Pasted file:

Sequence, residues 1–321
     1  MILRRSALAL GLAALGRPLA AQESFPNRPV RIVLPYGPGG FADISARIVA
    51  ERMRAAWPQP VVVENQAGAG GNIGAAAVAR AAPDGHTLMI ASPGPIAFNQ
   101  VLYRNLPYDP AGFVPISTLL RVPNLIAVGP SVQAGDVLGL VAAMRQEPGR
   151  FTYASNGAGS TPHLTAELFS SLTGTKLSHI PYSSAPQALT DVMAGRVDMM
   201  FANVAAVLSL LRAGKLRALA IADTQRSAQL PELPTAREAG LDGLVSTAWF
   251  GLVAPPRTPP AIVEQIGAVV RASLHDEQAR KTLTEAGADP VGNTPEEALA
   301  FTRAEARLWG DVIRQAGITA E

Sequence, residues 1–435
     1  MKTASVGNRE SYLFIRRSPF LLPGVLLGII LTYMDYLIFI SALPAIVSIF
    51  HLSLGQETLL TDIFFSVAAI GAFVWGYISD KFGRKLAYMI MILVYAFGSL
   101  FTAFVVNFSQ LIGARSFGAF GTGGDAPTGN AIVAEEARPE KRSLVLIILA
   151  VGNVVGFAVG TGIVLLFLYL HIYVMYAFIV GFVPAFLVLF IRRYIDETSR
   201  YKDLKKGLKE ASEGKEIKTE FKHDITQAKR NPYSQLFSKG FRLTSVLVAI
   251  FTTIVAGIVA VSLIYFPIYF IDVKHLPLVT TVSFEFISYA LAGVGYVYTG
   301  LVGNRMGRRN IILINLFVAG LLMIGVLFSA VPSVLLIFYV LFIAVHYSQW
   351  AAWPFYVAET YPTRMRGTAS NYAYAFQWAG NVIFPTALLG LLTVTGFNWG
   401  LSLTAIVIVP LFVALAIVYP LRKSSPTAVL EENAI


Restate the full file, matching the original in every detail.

Sequence, residues 1–321
     1  MILRRSALAL GLAALGRPLA AQESFPNRPV RIVLPYGPGG FADISARIVA
    51  ERMRAAWPQP VVVENQAGAG GNIGAAAVAR AAPDGHTLMI ASPGPIAFNQ
   101  VLYRNLPYDP AGFVPISTLL RVPNLIAVGP SVQAGDVLGL VAAMRQEPGR
   151  FTYASNGAGS TPHLTAELFS SLTGTKLSHI PYSSAPQALT DVMAGRVDMM
   201  FANVAAVLSL LRAGKLRALA IADTQRSAQL PELPTAREAG LDGLVSTAWF
   251  GLVAPPRTPP AIVEQIGAVV RASLHDEQAR KTLTEAGADP VGNTPEEALA
   301  FTRAEARLWG DVIRQAGITA E

Sequence, residues 1–435
     1  MKTASVGNRE SYLFIRRSPF LLPGVLLGII LTYMDYLIFI SALPAIVSIF
    51  HLSLGQETLL TDIFFSVAAI GAFVWGYISD KFGRKLAYMI MILVYAFGSL
   101  FTAFVVNFSQ LIGARSFGAF GTGGDAPTGN AIVAEEARPE KRSLVLIILA
   151  VGNVVGFAVG TGIVLLFLYL HIYVMYAFIV GFVPAFLVLF IRRYIDETSR
   201  YKDLKKGLKE ASEGKEIKTE FKHDITQAKR NPYSQLFSKG FRLTSVLVAI
   251  FTTIVAGIVA VSLIYFPIYF IDVKHLPLVT TVSFEFISYA LAGVGYVYTG
   301  LVGNRMGRRN IILINLFVAG LLMIGVLFSA VPSVLLIFYV LFIAVHYSQW
   351  AAWPFYVAET YPTRMRGTAS NYAYAFQWAG NVIFPTALLG LLTVTGFNWG
   401  LSLTAIVIVP LFVALAIVYP LRKSSPTAVL EENAI